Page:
Energy Consumption in Your Home

There is plenty of talk in the media about an increase in electricity pricing.  The Courier Mail, 2016 states “analysis of Australian Bureau of Statistics data reveals that the cost of turning on the lights has surged by 151 percent during a decade”.  Energy Action, 2016 states “the Energy Action Price Index shows us that since mid 2014 the price for electricity excluding network charges, renewable certificate costs and other non-energy related items has gone up in every state”. ABC News, 2016 highlights a “price hike of more than 10 percent this year” and, 2016 details “electricity prices will rise by an average 2.8 percent for residential consumers and 11.2 percent for small business”.

Given this, what are the most effective ways to minimise your energy consumption and therefore electricity bill around the house? Australian Government: Yourhome, 2013 suggests that 73% of energy users in an average residential house are Heating & Cooling and Appliances.

  • Heating and Cooling: Australian Government: Yourhome, 2013 suggests heating and cooling forms 40% of residential household energy bills “making it the largest energy user in the average Australian home”.  Choice, 2014 suggests turning on the air conditioner early. This is a great option and can reduce running costs significantly. “If you expect a hot day, pre-empt the heat rather than waiting until your home is already hot (similarly, start heating early when expecting a cold day)” (Choice, 2014). A comfortable temperature within the house is 24°C to 25°C (Choice, 2014). At this temperature, the air conditioner requires minimal effort to maintain a consistent temperature, therefore reducing its energy consumption. Choice, 2014 mentions “each 1°C increase will save about 10% on your energy usage”.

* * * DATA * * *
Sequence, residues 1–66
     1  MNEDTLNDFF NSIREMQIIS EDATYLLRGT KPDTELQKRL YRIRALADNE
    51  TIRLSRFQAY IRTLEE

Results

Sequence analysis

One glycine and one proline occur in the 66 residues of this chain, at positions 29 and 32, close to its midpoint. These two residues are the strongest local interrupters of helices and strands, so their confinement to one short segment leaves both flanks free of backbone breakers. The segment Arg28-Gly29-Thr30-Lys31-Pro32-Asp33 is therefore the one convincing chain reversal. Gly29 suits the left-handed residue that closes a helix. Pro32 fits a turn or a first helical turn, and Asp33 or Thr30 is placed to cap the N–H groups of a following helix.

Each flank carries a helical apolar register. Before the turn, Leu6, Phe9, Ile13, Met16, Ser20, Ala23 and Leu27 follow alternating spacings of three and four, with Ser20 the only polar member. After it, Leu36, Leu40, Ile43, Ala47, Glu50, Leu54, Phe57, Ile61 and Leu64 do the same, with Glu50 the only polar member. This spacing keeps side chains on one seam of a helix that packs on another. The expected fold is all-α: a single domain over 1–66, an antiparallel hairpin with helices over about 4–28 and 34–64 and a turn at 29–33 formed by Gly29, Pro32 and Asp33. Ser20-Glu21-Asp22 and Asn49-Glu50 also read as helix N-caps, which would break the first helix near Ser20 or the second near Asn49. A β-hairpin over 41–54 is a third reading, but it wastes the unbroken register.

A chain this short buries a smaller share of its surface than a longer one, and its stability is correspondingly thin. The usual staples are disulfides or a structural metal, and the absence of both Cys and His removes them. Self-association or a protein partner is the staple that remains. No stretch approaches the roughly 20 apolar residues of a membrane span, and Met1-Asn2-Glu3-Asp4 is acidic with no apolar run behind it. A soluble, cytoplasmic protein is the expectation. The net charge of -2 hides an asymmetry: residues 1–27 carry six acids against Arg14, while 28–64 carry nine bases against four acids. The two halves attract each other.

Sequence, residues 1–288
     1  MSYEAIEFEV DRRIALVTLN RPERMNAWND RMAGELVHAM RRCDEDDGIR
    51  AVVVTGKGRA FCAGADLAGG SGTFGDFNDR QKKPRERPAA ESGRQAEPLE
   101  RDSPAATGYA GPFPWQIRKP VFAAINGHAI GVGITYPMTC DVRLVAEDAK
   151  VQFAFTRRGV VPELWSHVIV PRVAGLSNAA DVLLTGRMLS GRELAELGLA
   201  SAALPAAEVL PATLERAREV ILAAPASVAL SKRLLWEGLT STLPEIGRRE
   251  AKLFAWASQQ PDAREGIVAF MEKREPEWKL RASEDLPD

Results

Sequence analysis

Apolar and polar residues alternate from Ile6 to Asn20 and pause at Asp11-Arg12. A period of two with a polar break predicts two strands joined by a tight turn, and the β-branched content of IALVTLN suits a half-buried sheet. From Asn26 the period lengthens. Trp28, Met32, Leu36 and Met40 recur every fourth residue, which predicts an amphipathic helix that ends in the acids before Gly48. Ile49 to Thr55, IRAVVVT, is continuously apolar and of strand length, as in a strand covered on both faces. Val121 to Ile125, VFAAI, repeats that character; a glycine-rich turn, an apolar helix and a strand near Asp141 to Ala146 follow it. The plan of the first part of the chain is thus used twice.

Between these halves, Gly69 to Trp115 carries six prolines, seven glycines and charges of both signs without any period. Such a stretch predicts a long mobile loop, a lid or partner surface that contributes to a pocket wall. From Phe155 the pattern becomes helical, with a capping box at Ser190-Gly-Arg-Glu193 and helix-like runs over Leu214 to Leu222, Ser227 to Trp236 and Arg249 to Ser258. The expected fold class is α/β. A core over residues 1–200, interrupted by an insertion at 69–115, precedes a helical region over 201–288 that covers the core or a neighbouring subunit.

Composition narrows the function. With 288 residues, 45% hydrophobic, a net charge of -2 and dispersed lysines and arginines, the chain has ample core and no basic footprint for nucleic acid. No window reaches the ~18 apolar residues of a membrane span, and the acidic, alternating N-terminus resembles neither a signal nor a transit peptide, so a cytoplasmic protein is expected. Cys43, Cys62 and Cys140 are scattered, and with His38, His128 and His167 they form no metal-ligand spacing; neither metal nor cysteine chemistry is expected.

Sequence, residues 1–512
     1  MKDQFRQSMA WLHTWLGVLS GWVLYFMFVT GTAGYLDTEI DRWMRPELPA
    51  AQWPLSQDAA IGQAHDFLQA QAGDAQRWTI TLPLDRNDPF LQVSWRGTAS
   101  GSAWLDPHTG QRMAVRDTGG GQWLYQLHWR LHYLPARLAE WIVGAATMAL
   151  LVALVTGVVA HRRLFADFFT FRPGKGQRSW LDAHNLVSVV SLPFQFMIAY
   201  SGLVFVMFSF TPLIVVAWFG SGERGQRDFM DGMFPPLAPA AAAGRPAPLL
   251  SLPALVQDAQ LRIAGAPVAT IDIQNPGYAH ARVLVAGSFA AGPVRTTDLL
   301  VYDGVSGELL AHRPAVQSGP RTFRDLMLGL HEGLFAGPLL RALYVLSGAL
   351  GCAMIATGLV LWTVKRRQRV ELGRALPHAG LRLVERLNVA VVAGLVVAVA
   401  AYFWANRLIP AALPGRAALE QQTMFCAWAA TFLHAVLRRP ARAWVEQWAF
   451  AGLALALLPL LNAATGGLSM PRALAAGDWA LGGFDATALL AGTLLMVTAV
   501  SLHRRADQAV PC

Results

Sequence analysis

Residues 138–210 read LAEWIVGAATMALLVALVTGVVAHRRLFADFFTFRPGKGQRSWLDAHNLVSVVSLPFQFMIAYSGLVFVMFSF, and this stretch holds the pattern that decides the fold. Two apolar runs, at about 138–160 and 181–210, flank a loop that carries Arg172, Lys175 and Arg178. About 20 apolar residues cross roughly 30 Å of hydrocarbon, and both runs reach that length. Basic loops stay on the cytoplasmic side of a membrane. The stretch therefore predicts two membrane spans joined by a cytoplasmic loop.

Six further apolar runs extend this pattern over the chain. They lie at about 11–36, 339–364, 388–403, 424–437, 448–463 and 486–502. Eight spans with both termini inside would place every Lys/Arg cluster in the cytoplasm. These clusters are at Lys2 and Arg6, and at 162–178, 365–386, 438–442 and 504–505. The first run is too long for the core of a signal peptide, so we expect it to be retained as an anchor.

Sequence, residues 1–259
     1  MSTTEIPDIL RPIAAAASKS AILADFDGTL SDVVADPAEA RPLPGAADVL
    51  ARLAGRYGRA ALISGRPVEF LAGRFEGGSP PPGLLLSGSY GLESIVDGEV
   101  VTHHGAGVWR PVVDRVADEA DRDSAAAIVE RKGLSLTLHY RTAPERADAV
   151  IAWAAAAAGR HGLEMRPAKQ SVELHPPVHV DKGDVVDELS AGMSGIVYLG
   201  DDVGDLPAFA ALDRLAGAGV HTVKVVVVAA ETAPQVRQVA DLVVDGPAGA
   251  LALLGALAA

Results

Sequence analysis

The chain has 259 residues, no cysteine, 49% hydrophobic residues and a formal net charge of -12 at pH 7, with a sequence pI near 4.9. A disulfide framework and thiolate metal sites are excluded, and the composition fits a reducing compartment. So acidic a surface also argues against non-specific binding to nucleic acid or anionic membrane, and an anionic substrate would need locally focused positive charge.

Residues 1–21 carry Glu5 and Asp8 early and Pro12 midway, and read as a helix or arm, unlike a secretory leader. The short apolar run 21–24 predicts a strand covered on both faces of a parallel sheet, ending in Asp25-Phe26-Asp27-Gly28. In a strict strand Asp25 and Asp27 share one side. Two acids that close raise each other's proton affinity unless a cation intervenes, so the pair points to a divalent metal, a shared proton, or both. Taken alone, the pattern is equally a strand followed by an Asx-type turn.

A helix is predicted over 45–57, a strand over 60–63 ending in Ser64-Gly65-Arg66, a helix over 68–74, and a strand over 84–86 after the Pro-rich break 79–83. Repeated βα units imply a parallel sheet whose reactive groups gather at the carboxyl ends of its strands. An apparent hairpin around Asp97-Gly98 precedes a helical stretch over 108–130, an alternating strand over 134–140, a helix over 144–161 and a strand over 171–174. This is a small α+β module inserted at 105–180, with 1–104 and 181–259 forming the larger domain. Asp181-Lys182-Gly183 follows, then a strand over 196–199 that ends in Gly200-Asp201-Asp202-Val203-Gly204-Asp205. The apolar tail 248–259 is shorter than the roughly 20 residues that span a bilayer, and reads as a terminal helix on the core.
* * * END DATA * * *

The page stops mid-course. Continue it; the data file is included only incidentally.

• Appliances: Australian Government: Yourhome, 2013 suggests appliances form 33% of residential household energy bills. Choice, 2014 recommends unplugging your appliances when they’re not in use and refer to ‘standby’ mode. Most people are not aware that “your TV, computer, microwave and even some washing machines have a standby mode, which means they’re still using energy even when they’re not in use” (Choice, 2014). Whilst this may seem like saving a small amount, a few hours saved per day multiplied by a number of appliances multiplied by your quarter year billing period will add up quite quickly.

Choice, 2014 also recommend selecting appliances with a good energy rating stating “the more stars, the better”. Further to this, before purchasing your appliance do some research and ensure you do not buy more (or bigger) than what you need. Will you be making the most out of the energy consumed on that item?

Front-loader washing machines will save you money over time (Choice, 2014) and using the cold wash cycle or considering the shorter wash cycle will reduce your energy consumption further.

One final simple step is to confirm your energy provider's rate is competitive in the current market. Not all energy providers offer the same rates for supply and just like health insurance, there are several options when choosing energy providers (peak times and usage packages), which can be quite daunting. A quick and simple check can be completed by using one of the following energy comparison websites:

If you would like someone to review your current household energy consumption and provide any suggestions to reduce your current energy consumption JC Engineers would like to hear from you.


ABC News, 2016. Queensland farmers angry at substantial electricity price hike. [Online] 

Available at: [Accessed 19 January 2017].

Australian Government: Yourhome, 2013. Energy. [Online] 

Available at: [Accessed 19 January 2017].

Choice, 2014. Five ways to reduce your household's energy use. [Online] 

Available at: [Accessed 19 January 2017].

Energy Action, 2016. What is happening to the electricity price in Queensland?. [Online] 

Available at: [Accessed 19 January 2017]., 2016. Electricity Price Rise Worse Than Forecast. [Online] 

Available at: [Accessed 19 January 2017].

The Courier Mail, 2016. Queensland electricity prices surge 151 percent. [Online] 

Available at: [Accessed 19 January 2017].

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